Whenever you do anything with the electrical system of a car, always remember to disconnect the negative battery terminal. This will prevent an electrical short within the system and allow you to safely work on the car.
3. Mismatched Subwoofer and Amplifier
Installing incompatible equipment can cause all sorts of problems in a car. Aside from the possibilities of damaging the vehicle’s electrical system or ruining the new equipment, mismatched audio components don’t sound as good as they should. Double check the subwoofer to ensure that it is the correct impedance and configuration for the amplifier. Make sure amp does not under power or overpower the subwoofer.
An improper ground can cause a wide variety of problems with an aftermarket car audio system. Typically, this is the first question that is asked when the Sonic Electronix techs troubleshoot a system over the phone.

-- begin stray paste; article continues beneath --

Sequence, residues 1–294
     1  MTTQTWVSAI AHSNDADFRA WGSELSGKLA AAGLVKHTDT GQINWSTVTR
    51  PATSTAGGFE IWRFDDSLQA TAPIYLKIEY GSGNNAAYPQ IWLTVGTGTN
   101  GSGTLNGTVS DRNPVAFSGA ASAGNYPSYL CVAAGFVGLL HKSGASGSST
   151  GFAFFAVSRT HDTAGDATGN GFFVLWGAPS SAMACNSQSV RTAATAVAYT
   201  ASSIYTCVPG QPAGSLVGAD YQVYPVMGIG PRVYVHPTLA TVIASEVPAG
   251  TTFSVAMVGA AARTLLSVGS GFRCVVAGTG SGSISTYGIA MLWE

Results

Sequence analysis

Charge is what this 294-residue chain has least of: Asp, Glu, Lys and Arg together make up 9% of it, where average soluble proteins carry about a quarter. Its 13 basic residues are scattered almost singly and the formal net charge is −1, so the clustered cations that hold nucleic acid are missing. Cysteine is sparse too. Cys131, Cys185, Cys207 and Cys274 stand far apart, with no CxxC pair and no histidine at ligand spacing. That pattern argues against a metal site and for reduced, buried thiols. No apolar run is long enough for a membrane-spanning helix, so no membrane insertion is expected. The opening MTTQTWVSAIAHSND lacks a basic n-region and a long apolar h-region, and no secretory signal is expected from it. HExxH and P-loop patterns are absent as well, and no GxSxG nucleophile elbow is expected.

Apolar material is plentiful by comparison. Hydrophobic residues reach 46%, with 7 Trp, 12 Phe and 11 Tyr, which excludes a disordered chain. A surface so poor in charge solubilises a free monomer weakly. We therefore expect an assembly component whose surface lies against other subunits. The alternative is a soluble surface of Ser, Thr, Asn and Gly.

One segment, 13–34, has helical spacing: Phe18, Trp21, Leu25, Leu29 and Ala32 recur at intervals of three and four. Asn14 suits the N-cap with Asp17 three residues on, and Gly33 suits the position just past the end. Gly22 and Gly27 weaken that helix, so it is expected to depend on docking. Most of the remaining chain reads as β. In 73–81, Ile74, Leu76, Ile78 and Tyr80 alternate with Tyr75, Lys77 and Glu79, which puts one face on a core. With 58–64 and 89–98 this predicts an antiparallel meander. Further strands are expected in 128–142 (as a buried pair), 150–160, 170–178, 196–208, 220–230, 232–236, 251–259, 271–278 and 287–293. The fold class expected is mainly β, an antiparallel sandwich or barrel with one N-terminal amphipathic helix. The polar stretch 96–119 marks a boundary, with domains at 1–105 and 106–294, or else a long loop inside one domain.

5. Running Power & RCA Signal Cable Next to Each Other
To the first time installer, running the power cable and the RCA signal cables next to each other seems like a convenient and time-saving solution. In reality, this is a bad practice because it will create noise. The end result is degraded sound quality.
The stock electrical system is not designed for the power demands of high-end aftermarket audio systems. When installing multiple or high-powered amplifiers, but sure to see if a new car battery is needed. Larger batteries can be installed to provide more power to the system. Another solution is to do The Big Three upgrade. That involves upgrading the wire under the hood to allow more efficient current flow to the electrical system, specifically the upgraded car audio system.
7. Not Using the Proper Tools
Tools can make or break the installation. Having the proper tools for the installation can save dash panels from snapping and prevent door panels from breaking. Spending a few extra dollars for a tool can prevent spending hundreds of dollars if the installer has to order a new part from the dealer.
Installing a new car audio system can be a lot of fun. However, that fun can be ruined when problems come up. Learn from the mistakes of others and follow the advice above. Following these 7 points will save you time, money, and a major headache.